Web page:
For a little less than a month, the market has been undergoing a very vigorous rotational correction. This move was triggered by growing optimism about the reopening of the economy and growing pessimism about the potential for higher interest rates and inflation.
The move coincided with increasing concerns about the frothy action in SPACs, electric vehicle names, cannabis stocks, biotechs, and small-caps in general. Many stocks were in need of a correction, and the market finds a good excuse to deliver one just like it always eventually does.
Corrective action after the size of the runup off the March 2020 lows is no big surprise, but the extent of the rotation was unusual. On Monday, the DJIA gained nearly 1% and hit a new all-time high, while the Nasdaq 100 ETF (QQQ) declined 2.8%, falling more than 10% from its mid-February highs.
The rotation that is taking place is extremely obvious. Stocks that benefit from a "normal" economy such as airlines, hotels, travel, traditional retail, etc., are attracting buyers while technology names that flourished as the work-at-home movement gained strength are struggling. The FATMAAN stocks have been under steady pressure recently, with Apple (AAPL) hitting its lowest point so far in 2021.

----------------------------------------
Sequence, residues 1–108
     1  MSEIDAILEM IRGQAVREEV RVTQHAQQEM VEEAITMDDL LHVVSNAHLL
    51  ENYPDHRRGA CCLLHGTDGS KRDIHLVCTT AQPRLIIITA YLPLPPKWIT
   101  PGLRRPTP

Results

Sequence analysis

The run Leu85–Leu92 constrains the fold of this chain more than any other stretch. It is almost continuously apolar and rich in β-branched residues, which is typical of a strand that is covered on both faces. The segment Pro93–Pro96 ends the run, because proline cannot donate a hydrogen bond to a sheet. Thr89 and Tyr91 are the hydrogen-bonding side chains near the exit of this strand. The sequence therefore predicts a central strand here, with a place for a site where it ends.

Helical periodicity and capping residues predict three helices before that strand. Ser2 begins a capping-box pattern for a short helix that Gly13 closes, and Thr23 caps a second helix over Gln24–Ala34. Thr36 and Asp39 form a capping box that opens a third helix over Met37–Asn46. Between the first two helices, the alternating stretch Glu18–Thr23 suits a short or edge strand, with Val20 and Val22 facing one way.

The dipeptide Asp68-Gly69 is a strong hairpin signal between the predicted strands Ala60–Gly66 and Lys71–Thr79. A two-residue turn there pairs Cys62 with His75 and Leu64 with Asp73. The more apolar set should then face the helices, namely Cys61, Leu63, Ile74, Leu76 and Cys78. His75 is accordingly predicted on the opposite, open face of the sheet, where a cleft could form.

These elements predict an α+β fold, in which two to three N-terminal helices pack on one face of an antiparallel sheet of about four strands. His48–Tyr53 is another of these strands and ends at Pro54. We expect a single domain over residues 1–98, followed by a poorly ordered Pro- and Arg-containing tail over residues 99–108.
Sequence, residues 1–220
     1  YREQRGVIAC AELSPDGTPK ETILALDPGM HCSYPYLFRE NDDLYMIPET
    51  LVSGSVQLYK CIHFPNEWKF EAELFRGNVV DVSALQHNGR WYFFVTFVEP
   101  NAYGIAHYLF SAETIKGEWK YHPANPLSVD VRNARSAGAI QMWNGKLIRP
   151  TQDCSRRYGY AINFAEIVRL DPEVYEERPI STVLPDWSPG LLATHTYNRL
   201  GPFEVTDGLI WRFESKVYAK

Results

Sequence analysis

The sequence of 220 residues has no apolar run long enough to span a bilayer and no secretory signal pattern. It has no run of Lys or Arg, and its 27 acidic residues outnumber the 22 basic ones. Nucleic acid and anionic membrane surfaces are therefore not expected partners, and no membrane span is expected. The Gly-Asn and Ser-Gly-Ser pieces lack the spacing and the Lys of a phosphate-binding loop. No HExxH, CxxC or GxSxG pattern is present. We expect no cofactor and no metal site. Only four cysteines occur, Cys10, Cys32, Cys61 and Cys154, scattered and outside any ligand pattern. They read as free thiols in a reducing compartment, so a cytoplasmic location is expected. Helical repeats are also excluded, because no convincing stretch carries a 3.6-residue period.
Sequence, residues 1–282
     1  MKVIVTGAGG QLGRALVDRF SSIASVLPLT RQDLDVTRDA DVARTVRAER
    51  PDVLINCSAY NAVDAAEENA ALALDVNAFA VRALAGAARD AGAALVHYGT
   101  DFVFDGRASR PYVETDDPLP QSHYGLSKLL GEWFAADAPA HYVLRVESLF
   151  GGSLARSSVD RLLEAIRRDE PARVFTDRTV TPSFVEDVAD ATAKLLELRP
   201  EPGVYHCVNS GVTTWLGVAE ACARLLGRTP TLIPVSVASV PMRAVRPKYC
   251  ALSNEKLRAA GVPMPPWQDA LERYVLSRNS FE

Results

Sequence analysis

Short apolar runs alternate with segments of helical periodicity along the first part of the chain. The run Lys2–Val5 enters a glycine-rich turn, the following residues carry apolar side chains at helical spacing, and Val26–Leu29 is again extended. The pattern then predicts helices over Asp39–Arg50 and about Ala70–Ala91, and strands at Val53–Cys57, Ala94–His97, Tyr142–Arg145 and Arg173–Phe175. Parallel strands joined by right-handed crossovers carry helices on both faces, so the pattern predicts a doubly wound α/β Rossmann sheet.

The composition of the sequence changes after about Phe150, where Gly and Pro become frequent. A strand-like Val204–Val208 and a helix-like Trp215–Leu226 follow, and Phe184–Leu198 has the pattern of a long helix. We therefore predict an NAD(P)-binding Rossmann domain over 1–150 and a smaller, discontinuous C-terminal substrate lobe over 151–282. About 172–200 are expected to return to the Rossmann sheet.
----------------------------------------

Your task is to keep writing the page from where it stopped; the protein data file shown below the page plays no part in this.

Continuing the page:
Tuesday morning some of the rotational pressure is lifting, but the bears have the recent momentum, and there is concern that corrections in stocks like those that are held by ARK ETFs may continue. Rotational action does not usually occur very smoothly, and this is likely to continue in various ways for a while.
For many traders, the biggest challenge of this market is that it has been quite correlated with reopening stocks moving up together while work-at-home names are struggling. Many individual names have been under severe pressure without any regard for their individual merits.
In the early going on Tuesday, bitcoin is regaining its momentum and moving back over the $54,000 level, which puts the February highs of around $59,000 back in play. Nasdaq 100 stocks are bouncing, and there is a big bounce in bonds that is helping to drive the action.
Monday on CNBC, billionaire hedge fund manager David Tepper stated that it was "very difficult to be bearish right now" because he believed that the rise in interest rates was likely to cool as foreign bond buyers -- especially the Japanese -- took advantage of the volatility in currencies.
If interest rates stabilize, the rotational action is likely to slow, support will form, and the focus will return to better stock-picking.